Too Hungry For History: Rosângela Rennó’s “Río-Montevideo”

A writer selects one image from our current exhibitions and responds to it. For our Winter 2016 programme, we have invited six students on the MA Critical Writing in Art and Design course at the Royal College of Art, London. Here, Skye Arundhati Thomas selects an image from Rosângela Rennó’s exhibition Río-Montevideo and imagines it as the subject of a personal letter.

 © El Popular Private Collection / Centro de Fotografía of Montevideo_The Photographers'Gallery

© El Popular Private Collection / Centro de Fotografía of Montevideo

Dear Laxmi,

It has been raining here constantly, and the windows froth up, a delicious condensation that leaves everything outside blurry, out of focus. I must admit, it has certainly made the air thick with nostalgia, one that emerges but fleetingly, seeking out an image with which to realise itself. I saw a photograph the other day that reminded me of you, ladies in a square: mouths gasping open, a fist raised. It is a clear, bright day in Montevideo, and they are at a protest. The details are unclear, for all we know about the image, and the women in them, are a set of keywords: Bus; Plaza Independencia; Protest; Sign; Social Conflict; Speaker; Square; Woman. One of the women, older, carries an empty basket on top of her head, fingers held at the perfect angle; in her other hand she holds a sign, Solucion a la Crisis spelled out in hand-painted letters. Yes, these women radiate a certain strength, which splays across the surface of the image. And I think about what it means to be a woman at a revolutionary moment, where does their agency unfold, what are the words that take shape in their mouths? I think of you, as a young brown girl growing up in apartheid, and I wonder, did you ever raise your little fist?

This image, along with 40,000 others, was lost for a while. Stuffed into a canister, negatives rolled up and hidden in a dark, damp place. Until they were found, decades later and now, here, in front of me in London. I’ve been going over a phrase ever since I first read it, too hungry for history, how perfectly it rolls off the tongue. It is, writes Milton Santos, when a young nation speeds ahead without a thought to preserve its past, a result of the neoliberal logic of always having to move forward, toward a certain progress. Does this seem familiar to you too? I fear our country does the same, taking me back to my recent time in Delhi, walking through the remains of Jantar Mantar, outraged by how these pieces of our history have been treated so recklessly; dirty and stained, the result of ill repair. I must explain of course, of how I encountered this image, and how the room where I found it, dark and lit solely by whirring projectors, suited so well my current sympathy for the nostalgic. The image shimmered, you see, as though it were soaked through, its surface a pool of light. I was fortunate enough to be alone in the room, to choose as I did, which switch to flip, in which direction to tilt my head. An old projector cast the image onto a wall, and there it was, glimmering before me, an apparition. I was careful not to step too close, as though if I were to whisper over it, or graze it by chance, it would quickly disappear. Inside of the machine, was the image’s diametric opposite, a small slide as big as my thumb. And on that slide, little tears and the image peeling off in places and in others, discoloured.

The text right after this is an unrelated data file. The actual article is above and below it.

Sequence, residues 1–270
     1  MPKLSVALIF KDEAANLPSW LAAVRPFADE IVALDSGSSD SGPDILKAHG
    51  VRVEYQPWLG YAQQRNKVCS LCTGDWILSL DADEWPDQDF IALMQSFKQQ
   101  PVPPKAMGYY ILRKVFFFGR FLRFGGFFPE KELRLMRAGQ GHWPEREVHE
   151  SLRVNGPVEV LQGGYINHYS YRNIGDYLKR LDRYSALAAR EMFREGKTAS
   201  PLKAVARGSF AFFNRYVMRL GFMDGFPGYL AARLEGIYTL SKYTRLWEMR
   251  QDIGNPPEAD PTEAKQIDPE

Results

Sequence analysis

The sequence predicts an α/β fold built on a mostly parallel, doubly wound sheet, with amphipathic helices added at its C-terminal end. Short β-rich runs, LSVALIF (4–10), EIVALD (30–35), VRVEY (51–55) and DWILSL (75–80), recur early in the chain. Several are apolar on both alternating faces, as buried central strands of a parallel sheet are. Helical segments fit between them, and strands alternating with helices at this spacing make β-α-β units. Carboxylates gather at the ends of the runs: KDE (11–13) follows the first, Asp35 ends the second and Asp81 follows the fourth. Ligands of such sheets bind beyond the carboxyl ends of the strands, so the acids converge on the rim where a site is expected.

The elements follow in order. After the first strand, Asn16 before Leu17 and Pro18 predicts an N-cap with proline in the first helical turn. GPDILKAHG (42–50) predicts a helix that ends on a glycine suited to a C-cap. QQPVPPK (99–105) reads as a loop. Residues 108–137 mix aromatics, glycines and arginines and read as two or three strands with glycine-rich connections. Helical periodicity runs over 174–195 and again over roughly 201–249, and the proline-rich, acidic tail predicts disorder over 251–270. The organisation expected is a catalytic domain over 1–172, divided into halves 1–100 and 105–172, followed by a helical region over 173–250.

‘This is like memory’, says the artist about the installation. You don’t have to work too hard; she has made it easy for you. Music boxes tinker, and their soft eerie sound bounces across the walls. There are several other images like this one, each a memory mediated by a machine and its steady burn. And just like real memory, these images, full of holes, dissolve. Perhaps history works in the same way, where you can’t blink too hard, or hasten your approach, just let it glimmer before you in a dull haze. Being as I was in a gallery, I wondered about how when the state and its institutions fail, it is art that takes on the burden of politics, and in this case, the showcasing of history. Each image a bubbling up of that history, that politics, a bursting to surface. A project like this halts the obsessive acceleration toward the future, generating a nostalgia that allows us to step sideways, rather than forward or back. Sideways to resist the linear arc of time, sideways to take a moment, and watch a forgotten image burn before your eyes. I want you to know, that I think of you often grandmother, and how, like these women, your strength shimmers before me, an apparition.

Yours lovingly,                                       

S.

Skye Arundhati Thomas is a writer from India, currently based in London.

One Comment

  1. You write so beautifully Skye! It made me think about Nigerians’ attitude to African history. We have a complex that distances us from our past and no one really seems to question it! Really loved your point about when art ‘takes on the burden of politics’ too. Loved it, can’t wait to read more stuff xx

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